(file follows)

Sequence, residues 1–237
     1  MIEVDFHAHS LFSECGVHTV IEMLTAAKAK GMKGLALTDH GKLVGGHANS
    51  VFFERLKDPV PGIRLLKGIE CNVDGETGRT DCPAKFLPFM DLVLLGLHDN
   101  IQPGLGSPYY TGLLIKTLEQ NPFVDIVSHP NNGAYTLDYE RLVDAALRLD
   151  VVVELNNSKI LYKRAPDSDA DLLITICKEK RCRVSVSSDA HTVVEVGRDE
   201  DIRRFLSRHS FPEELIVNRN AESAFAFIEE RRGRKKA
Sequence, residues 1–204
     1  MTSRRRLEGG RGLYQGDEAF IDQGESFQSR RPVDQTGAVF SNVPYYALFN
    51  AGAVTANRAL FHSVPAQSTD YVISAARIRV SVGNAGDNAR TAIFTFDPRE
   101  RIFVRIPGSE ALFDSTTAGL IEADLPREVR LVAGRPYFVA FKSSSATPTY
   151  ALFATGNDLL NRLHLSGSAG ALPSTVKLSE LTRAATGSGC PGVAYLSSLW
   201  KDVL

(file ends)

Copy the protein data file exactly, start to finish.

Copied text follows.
Sequence, residues 1–237
     1  MIEVDFHAHS LFSECGVHTV IEMLTAAKAK GMKGLALTDH GKLVGGHANS
    51  VFFERLKDPV PGIRLLKGIE CNVDGETGRT DCPAKFLPFM DLVLLGLHDN
   101  IQPGLGSPYY TGLLIKTLEQ NPFVDIVSHP NNGAYTLDYE RLVDAALRLD
   151  VVVELNNSKI LYKRAPDSDA DLLITICKEK RCRVSVSSDA HTVVEVGRDE
   201  DIRRFLSRHS FPEELIVNRN AESAFAFIEE RRGRKKA
Sequence, residues 1–204
     1  MTSRRRLEGG RGLYQGDEAF IDQGESFQSR RPVDQTGAVF SNVPYYALFN
    51  AGAVTANRAL FHSVPAQSTD YVISAARIRV SVGNAGDNAR TAIFTFDPRE
   101  RIFVRIPGSE ALFDSTTAGL IEADLPREVR LVAGRPYFVA FKSSSATPTY
   151  ALFATGNDLL NRLHLSGSAG ALPSTVKLSE LTRAATGSGC PGVAYLSSLW
   201  KDVL